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On September 15, 2011 dozens of families in the Baltimore, Maryland area filed a class action lawsuit against Kennedy Krieger Institute (“KKI”) accusing KKI of knowingly exposing black children to lead poisoning in connection to a 1993 human research experiment. Best explained in the suit, “Children were enticed into living in lead-tainted housing and subjected to a research program [through the consent of their parents] which intentionally exposed them to lead poisoning in order for the extent of the contamination of these children’s blood to be used by scientific researchers to assess the success of lead paint or lead dust abatement measures.” NY Times Article–Racial Bias Seen in Study of Lead Dust and Children
Amongst the plaintiff’s claims against KKI is failure to obtain informed consent. The plaintiff’s argue that KKI’s actions were taken without informed consent because parents cannot consent to non-therapeutic research on minor children.
In a normal medical innovative context, parental consent on behalf of a child does not appear to be an issue. Doctor’s are allowed to use innovative therapeutic techniques that could directly benefit their patient and parents are allowed to consent to therapeutic measures that benefit their children. There, however, appears to be an issue with the validity of parental consent in the context of human experimentation because experimentation is not beneficial to the child.
The present KKI case highlights the issue with human experimentation and child participants. It also presents the hotly debated issue of whether a parent should be able to consent on behalf of their minor child to participate in non-therapeutic human experimentation. Although the issue was not clearly presented in a 2001 suit for the same study, a Maryland court of appeals answered in the negative. Maryland Lead Paint Case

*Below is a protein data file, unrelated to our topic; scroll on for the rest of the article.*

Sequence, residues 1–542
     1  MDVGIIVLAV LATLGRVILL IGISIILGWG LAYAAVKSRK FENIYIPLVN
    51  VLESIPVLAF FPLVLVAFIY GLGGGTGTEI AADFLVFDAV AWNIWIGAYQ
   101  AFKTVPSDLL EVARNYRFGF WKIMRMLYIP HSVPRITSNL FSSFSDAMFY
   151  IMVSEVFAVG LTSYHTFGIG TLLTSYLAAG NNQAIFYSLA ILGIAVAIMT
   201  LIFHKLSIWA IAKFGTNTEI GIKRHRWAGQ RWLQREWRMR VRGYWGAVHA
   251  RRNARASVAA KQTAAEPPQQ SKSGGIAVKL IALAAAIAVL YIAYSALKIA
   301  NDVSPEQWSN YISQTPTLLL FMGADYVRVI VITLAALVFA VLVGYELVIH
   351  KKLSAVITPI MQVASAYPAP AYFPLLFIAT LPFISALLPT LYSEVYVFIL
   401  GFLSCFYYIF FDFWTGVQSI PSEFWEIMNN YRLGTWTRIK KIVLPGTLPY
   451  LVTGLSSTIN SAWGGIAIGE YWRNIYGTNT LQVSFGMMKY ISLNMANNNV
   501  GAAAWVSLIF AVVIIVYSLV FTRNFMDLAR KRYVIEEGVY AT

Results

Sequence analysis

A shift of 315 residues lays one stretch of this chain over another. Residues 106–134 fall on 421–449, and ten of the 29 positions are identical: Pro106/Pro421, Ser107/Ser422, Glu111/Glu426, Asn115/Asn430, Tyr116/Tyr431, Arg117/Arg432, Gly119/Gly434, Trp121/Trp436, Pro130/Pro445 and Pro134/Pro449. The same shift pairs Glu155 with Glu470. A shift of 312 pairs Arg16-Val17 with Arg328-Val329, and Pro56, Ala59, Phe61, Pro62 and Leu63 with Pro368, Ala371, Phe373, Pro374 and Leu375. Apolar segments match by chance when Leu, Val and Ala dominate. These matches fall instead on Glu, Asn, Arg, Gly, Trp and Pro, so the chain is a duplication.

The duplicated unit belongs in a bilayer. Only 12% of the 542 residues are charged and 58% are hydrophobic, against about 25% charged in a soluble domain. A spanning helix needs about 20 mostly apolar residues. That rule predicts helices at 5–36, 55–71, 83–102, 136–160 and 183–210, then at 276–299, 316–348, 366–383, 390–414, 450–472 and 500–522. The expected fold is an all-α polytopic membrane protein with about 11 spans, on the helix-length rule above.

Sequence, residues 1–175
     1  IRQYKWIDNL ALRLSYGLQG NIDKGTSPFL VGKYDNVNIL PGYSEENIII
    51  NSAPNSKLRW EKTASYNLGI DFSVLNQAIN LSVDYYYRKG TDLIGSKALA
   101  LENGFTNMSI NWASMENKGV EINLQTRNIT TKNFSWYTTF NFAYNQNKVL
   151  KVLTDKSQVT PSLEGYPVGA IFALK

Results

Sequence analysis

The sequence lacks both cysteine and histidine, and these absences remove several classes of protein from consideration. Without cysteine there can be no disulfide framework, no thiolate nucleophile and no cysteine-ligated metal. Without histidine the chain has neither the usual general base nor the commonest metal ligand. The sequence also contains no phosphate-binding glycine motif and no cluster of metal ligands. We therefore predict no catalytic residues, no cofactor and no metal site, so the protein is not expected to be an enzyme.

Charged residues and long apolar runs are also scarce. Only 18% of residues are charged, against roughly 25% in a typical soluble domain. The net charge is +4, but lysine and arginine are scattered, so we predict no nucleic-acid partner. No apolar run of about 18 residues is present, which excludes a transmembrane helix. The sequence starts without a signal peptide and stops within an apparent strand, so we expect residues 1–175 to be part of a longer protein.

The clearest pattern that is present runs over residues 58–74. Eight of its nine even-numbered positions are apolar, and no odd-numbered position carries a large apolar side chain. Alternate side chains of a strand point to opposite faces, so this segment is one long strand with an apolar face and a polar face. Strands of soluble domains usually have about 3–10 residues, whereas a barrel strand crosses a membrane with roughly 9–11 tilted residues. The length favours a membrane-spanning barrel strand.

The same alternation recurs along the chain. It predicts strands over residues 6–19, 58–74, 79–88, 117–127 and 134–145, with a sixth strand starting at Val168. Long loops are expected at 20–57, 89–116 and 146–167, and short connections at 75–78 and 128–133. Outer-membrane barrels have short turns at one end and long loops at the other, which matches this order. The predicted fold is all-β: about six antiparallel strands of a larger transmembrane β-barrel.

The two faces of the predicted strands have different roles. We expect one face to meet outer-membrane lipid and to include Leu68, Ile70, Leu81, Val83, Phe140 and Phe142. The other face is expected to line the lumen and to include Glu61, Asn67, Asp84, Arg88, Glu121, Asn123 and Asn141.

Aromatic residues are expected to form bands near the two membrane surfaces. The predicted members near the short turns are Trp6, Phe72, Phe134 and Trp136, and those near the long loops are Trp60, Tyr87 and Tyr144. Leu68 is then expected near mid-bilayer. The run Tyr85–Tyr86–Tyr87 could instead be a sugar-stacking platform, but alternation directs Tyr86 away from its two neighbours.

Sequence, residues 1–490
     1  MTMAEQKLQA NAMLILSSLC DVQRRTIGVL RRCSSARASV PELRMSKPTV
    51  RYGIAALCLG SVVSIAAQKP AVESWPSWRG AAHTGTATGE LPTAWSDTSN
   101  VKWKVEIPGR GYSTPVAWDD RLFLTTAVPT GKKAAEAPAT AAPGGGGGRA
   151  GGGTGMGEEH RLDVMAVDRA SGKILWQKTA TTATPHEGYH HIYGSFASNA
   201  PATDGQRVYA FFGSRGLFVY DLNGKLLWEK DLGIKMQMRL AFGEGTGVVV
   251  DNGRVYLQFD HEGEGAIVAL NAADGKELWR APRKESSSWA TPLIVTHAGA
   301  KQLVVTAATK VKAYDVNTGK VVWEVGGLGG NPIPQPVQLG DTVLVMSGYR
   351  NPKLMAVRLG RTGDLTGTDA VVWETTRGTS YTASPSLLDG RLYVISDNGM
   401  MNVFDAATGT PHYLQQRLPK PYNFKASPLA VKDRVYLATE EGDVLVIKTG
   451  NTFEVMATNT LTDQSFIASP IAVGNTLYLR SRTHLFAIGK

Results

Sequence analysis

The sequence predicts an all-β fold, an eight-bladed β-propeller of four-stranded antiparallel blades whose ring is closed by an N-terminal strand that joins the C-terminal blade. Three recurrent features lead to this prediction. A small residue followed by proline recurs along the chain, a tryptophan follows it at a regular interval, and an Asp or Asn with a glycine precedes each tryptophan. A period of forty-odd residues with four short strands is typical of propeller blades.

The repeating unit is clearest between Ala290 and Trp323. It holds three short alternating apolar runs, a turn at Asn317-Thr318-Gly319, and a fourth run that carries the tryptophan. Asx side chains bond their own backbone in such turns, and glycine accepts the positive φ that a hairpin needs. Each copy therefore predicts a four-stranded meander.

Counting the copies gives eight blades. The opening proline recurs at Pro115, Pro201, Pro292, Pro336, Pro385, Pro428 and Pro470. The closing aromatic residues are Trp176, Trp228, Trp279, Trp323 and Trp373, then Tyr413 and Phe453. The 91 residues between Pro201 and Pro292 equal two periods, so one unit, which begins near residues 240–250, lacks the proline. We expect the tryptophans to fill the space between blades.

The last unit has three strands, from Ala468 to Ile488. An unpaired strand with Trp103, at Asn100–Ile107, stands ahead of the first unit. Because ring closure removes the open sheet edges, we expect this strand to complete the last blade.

I too agree with the plaintiff’s and the 2001 Maryland court of appeals decision. Parents should not be able to consent on behalf of their minor child to participate in non-therapeutic human experimentation. The theory of informed consent is grounded in the common law idea that every man has a right against unwanted bodily invasion. With children, this right is framed differently because children are thought to lack the capacity to make decisions in their best interests. Parents are therefore given the right to consent to medical decisions for their minor child under the premise that the parents have the best interest of their child in mind. Thus, parents are entrusted to act in the best interests of the child by consenting to things that will benefit the child.
Human experimentation, arguably, does not confer a benefit on the child. It, instead, confers a benefit on society with new knowledge that could potentially aid the greater community. Despite the benefits conferred upon society, allowing parents to consent experimentation on a child directly contradicts the rationale for allowing parents to consent. In fact, it subjects unknowing subjects to risks that the subject has not consented to. Parental consent thereby, acts as a free pass around required informed consent from the participant in human experimentation.